ACA Repeal Advances In Senate
The Senate has begun a series of votes relating to the potential repeal of the Affordable Care Act (ACA). On July 25, majority leader Mitch McConnell followed through on his promised procedural vote to take up the bill that passed in the House two months ago. Senator McCain, recently diagnosed with brain cancer, flew to Washington D.C. and voted in favor. Two Republican Senators voted against it: Susan Collins of Maine and Lisa Murkowski of Alaska. That vote passed 51-50, with Vice President Mike Pence casting the deciding vote.
The Senate immediately began considering multiple amendments and substitutes for the House bill, and considerations are expected to continue through Friday, July 28. Tuesday night, the Senate rejected the most recent version of the Republican plan to repeal and replace the ACA, with only 43 votes in favor. That bill contained the Cruz amendment, which allowed insurers who offer one ACA compliant plan to also sell cheaper insurance options that don’t meet ACA requirements. On Wednesday, a separate bill to repeal the ACA without a replacement, but allow two years for a replacement to be worked out, also failed, 45-55.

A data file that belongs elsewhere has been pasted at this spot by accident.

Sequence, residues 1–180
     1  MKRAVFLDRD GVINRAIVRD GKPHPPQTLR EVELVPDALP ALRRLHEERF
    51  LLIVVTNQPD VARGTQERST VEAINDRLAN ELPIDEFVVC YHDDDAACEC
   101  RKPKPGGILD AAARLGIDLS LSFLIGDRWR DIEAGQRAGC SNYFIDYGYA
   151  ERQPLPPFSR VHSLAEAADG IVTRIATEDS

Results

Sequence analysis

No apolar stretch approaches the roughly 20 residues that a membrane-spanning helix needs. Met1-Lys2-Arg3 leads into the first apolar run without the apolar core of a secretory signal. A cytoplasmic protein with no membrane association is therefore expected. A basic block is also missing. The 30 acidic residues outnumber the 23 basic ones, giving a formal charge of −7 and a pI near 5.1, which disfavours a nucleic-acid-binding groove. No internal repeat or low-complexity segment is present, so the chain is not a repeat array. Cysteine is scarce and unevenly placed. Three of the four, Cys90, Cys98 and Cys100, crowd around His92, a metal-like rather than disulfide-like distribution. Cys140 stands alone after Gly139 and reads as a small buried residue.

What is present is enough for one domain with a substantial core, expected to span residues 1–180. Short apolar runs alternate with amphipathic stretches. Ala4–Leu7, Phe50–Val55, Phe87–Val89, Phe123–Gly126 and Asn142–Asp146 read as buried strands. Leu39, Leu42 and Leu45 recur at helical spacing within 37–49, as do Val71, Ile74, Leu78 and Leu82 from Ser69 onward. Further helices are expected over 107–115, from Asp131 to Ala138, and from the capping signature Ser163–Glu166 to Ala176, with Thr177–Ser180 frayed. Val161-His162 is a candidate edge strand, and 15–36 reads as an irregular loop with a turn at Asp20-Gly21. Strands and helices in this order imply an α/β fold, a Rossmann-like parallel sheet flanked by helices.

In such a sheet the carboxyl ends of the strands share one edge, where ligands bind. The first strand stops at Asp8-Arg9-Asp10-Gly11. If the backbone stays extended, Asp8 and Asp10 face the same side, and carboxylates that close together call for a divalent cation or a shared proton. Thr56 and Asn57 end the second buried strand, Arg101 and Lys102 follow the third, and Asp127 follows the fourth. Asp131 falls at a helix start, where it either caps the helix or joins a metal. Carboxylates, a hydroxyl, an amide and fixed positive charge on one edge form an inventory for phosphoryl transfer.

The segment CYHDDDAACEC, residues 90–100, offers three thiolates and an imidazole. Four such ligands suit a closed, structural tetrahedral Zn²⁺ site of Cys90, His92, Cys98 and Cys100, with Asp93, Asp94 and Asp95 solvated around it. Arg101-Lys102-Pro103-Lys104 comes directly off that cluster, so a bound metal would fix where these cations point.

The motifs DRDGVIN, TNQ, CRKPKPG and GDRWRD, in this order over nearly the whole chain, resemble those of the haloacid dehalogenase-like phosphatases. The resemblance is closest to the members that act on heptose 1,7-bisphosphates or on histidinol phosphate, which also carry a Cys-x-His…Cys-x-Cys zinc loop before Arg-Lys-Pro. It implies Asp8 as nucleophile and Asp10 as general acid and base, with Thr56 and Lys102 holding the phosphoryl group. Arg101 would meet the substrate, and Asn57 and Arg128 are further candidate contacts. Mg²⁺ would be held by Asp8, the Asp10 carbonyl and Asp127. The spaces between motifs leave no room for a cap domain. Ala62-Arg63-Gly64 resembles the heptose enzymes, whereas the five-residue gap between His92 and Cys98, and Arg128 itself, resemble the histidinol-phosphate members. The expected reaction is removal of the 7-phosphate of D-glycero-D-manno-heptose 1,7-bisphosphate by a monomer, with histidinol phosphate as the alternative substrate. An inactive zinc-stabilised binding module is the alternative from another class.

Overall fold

A so-called “Skinny Bill” has received some attention. In contrast to a more comprehensive bill that would repeal and replace the ACA, the Skinny Bill, as presently understood, would simply repeal the ACA individual and employer mandates, as well as the medical device tax. The Skinny Bill appears to contemplate leaving ACA subsidies in place. The Skinny Bill is also being referred to as the “lowest common denominator” proposal.
There is significant concern that the Skinny Bill will fatally undermine the individual insurance markets, causing substantial disruption and escalation of costs. The Blue Cross Blue Shield Association statement on the Senate healthcare efforts offered that “a stable individual insurance marketplace” requires any final legislation to include “strong incentives for people to obtain health insurance and keep it year round,” assistance for those in need with out-of-pocket costs, and funding for those with pre-existing conditions. Such elements of any bill are essential to “avoid steep premium increases and diminished choices that would make coverage unaffordable and inaccessible.”
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